Google Replacing “Android ID” With “Advertising ID” Similar To Apple’s IDFA
This morning, as part of a cluster of other announcements including the Android OS update, KitKat and Nexus 5, Google is replacing the unique Android ID (similar to Apple’s old UDID) with a new “Advertising ID.” The latter largely duplicates the approach of Apple’s Identifier For Advertising (IDFA).
Google’s new Advertising ID (for apps but not the mobile browser) is a long, anonymous string of digits that will allow tracking and ad targeting without relying on an identifier uniquely married to the device. It abstracts targeting up a level and introduces additional user control.
It will be immediately available (for devices running android 2.3 or later) but “enforced” over time. Google Play terms are being changed to require use of Advertising ID next year.
As indicated, Google is announcing new user privacy controls, similar to Apple’s “limit ad tracking.” Users will be able to reset the Advertising ID (as you can reset the IDFA in iOS 7) and opt out of “interest based ads.”
In Google settings users will be able to click “Ads” (see above) and be taken to a screen where they will see the Advertising ID and be able to reset it, essentially like clearing their cookies in a browser. The screen will also let them opt out of “interest based ads.” This is comparable to “ad choices” online, where users can opt out of behaviorally targeted ads.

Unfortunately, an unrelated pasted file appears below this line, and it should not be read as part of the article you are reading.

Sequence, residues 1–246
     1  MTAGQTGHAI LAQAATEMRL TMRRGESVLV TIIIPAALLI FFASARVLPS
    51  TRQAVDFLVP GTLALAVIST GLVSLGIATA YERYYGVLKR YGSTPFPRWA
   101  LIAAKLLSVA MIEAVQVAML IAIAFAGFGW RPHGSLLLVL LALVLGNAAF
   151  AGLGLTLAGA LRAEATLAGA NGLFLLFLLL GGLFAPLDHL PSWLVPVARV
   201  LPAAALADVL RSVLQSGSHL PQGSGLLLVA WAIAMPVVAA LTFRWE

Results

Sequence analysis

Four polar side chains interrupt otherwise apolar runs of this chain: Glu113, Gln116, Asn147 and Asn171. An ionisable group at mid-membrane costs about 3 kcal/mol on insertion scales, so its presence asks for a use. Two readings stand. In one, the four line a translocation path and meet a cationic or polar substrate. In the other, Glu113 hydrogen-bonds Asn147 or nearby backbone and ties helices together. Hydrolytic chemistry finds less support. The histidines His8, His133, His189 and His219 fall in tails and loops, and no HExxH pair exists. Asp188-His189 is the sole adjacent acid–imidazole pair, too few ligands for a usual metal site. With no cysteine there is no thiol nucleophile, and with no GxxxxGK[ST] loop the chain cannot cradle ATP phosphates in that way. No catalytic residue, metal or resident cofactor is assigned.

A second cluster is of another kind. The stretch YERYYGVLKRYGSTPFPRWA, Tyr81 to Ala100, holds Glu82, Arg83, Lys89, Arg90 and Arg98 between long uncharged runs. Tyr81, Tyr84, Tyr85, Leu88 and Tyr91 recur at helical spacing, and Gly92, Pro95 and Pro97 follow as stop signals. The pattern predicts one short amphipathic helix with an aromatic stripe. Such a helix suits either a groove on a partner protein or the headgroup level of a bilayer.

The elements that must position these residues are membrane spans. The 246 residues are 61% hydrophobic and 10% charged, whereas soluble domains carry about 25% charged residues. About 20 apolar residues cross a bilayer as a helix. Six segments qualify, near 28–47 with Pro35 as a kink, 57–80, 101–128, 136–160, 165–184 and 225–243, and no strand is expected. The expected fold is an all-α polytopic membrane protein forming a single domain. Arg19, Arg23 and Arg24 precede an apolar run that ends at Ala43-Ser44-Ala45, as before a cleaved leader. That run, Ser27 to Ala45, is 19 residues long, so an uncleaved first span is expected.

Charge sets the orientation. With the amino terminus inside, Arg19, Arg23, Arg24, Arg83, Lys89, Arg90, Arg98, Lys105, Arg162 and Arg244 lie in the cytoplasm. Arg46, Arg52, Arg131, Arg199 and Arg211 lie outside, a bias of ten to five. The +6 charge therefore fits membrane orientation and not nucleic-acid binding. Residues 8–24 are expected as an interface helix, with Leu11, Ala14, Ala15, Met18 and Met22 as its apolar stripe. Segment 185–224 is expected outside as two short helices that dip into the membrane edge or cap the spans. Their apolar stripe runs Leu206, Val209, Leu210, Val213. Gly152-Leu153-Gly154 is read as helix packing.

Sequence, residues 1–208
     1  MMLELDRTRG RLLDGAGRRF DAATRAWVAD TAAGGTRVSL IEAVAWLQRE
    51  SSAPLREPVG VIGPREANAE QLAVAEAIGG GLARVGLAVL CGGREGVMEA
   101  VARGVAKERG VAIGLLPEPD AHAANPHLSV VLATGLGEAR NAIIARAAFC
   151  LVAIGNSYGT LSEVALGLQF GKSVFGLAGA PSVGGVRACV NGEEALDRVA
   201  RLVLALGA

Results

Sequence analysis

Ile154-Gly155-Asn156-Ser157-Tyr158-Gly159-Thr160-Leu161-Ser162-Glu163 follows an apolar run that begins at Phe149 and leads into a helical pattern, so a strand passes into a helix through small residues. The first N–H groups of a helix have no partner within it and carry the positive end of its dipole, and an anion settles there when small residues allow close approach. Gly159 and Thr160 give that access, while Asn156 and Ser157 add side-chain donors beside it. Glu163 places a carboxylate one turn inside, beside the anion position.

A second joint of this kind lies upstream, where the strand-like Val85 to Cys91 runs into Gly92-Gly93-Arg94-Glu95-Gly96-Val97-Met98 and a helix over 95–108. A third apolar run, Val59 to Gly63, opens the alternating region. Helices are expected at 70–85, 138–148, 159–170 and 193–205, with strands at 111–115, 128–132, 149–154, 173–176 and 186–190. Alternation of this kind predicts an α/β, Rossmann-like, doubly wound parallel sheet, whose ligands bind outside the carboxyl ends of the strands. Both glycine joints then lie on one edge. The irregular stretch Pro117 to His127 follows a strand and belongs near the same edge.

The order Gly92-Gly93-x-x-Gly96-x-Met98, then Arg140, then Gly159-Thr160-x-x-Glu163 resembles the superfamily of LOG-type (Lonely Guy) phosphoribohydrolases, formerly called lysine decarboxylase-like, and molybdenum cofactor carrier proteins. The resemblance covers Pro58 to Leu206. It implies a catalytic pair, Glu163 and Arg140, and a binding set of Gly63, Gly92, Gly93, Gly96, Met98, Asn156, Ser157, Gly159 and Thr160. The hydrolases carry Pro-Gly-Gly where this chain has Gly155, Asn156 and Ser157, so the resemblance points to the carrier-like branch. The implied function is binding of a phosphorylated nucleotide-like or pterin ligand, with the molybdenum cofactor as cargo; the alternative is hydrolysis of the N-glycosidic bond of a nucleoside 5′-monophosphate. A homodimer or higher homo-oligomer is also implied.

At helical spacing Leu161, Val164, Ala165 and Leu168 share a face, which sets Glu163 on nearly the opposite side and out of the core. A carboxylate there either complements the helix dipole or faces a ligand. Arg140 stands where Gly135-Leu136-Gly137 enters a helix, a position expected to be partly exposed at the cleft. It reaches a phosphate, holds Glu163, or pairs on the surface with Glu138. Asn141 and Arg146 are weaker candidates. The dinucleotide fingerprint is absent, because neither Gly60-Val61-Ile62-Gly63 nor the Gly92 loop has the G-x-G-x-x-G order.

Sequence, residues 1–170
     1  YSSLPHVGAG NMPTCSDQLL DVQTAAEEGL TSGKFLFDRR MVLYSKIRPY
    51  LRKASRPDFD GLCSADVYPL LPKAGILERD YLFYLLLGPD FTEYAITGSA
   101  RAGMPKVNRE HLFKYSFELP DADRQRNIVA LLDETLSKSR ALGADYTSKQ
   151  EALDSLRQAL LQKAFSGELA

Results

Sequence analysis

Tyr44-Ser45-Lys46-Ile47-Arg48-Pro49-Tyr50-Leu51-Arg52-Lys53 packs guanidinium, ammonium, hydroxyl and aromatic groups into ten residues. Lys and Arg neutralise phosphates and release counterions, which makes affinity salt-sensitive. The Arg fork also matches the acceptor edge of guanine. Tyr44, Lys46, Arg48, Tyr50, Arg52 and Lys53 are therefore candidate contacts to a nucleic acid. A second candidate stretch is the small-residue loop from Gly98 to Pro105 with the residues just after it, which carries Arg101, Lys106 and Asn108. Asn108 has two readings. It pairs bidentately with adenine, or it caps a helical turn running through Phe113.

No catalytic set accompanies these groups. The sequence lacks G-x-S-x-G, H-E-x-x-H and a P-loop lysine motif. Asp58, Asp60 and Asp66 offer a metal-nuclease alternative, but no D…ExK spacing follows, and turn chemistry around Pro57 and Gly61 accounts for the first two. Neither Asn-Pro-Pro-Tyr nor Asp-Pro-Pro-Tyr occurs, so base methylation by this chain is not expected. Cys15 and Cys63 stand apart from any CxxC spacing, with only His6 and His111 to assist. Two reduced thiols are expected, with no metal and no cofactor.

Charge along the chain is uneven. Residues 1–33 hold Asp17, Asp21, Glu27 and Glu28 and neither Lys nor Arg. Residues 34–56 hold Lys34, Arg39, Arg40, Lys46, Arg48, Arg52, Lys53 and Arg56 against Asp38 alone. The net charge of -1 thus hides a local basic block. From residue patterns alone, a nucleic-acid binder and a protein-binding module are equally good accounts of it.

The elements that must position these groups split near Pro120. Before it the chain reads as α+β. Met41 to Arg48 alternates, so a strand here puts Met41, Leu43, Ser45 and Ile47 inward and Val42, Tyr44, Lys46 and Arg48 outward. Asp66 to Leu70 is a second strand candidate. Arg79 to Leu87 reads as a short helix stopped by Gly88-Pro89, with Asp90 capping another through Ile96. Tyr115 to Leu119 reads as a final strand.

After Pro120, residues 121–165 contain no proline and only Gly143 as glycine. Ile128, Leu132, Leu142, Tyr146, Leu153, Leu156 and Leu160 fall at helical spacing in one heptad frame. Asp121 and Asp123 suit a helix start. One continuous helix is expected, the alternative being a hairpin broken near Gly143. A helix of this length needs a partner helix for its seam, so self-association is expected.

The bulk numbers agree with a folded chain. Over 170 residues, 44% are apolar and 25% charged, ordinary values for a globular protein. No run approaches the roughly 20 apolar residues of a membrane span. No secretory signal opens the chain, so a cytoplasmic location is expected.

Following Apple’s lead, Google is trying to provide a balance between advertiser desires to track and identify users and consumer privacy interests. Apple’s IDFA has been well received and so should this be.
Google issued the following formal statement about the change:
To give users better controls and to provide developers with a simple, standard system to continue to monetize their apps, we are replacing Android ID with an anonymous identifier for advertising purposes. This enables users to reset their identifier, or opt out of interest-based ads for Google Play apps.
The Google Play terms are being updated to require advertisers to use it after August 1, 2014: “Beginning August 1st 2014, all updates and new apps uploaded to the Play Store must use the advertising ID (when available on a device) in lieu of any other device identifiers for any advertising purposes.”
As mentioned, the new Advertising ID doesn’t in any way implicate the browser (mobile or online). It’s only for advertising in apps. Google’s effort to get users to sign in to Google Chrome (across platforms) is a parallel Google-only way to identify users and target them accordingly. While that identifies particular individuals it’s opt-in and is just like being signed in to Facebook or Twitter.
Consumer interests and mobile advertising need not be in opposition. To some degree I believe reconciling that apparent “conflict” goes to the quality of mobile ads and the ad creative itself.
Hopefully Advertising ID (and IDFA) will make those in the mobile advertising ecosystem think more carefully about mobile ads and improve their overall quality.
Some opinions expressed in this article may be those of a guest author and not necessarily Marketing Land. Staff authors are listed here.
(Some images used under license from Shutterstock.com.)
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